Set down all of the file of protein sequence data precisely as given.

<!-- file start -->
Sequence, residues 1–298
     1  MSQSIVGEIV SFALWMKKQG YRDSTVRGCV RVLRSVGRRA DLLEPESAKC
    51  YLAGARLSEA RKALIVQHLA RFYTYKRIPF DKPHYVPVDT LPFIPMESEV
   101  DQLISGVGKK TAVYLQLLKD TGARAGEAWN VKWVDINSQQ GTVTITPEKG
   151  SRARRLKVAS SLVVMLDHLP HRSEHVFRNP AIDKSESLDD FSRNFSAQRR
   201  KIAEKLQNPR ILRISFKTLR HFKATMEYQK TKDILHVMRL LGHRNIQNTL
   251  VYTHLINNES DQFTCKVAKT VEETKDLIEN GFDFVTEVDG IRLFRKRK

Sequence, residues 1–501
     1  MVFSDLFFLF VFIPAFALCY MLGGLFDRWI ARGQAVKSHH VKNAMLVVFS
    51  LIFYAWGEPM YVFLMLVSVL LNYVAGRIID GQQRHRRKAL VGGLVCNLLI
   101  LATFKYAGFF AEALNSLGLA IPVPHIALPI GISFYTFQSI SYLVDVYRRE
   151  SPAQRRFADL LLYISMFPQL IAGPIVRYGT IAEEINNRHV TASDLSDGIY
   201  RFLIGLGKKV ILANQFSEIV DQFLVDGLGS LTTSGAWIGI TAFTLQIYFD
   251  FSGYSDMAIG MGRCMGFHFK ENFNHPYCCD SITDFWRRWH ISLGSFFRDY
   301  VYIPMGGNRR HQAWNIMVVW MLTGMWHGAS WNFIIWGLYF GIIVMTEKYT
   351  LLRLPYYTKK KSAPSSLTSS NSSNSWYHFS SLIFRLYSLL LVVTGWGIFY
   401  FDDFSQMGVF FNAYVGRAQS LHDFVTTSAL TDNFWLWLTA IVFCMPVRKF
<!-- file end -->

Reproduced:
Sequence, residues 1–298
     1  MSQSIVGEIV SFALWMKKQG YRDSTVRGCV RVLRSVGRRA DLLEPESAKC
    51  YLAGARLSEA RKALIVQHLA RFYTYKRIPF DKPHYVPVDT LPFIPMESEV
   101  DQLISGVGKK TAVYLQLLKD TGARAGEAWN VKWVDINSQQ GTVTITPEKG
   151  SRARRLKVAS SLVVMLDHLP HRSEHVFRNP AIDKSESLDD FSRNFSAQRR
   201  KIAEKLQNPR ILRISFKTLR HFKATMEYQK TKDILHVMRL LGHRNIQNTL
   251  VYTHLINNES DQFTCKVAKT VEETKDLIEN GFDFVTEVDG IRLFRKRK

Sequence, residues 1–501
     1  MVFSDLFFLF VFIPAFALCY MLGGLFDRWI ARGQAVKSHH VKNAMLVVFS
    51  LIFYAWGEPM YVFLMLVSVL LNYVAGRIID GQQRHRRKAL VGGLVCNLLI
   101  LATFKYAGFF AEALNSLGLA IPVPHIALPI GISFYTFQSI SYLVDVYRRE
   151  SPAQRRFADL LLYISMFPQL IAGPIVRYGT IAEEINNRHV TASDLSDGIY
   201  RFLIGLGKKV ILANQFSEIV DQFLVDGLGS LTTSGAWIGI TAFTLQIYFD
   251  FSGYSDMAIG MGRCMGFHFK ENFNHPYCCD SITDFWRRWH ISLGSFFRDY
   301  VYIPMGGNRR HQAWNIMVVW MLTGMWHGAS WNFIIWGLYF GIIVMTEKYT
   351  LLRLPYYTKK KSAPSSLTSS NSSNSWYHFS SLIFRLYSLL LVVTGWGIFY
   401  FDDFSQMGVF FNAYVGRAQS LHDFVTTSAL TDNFWLWLTA IVFCMPVRKF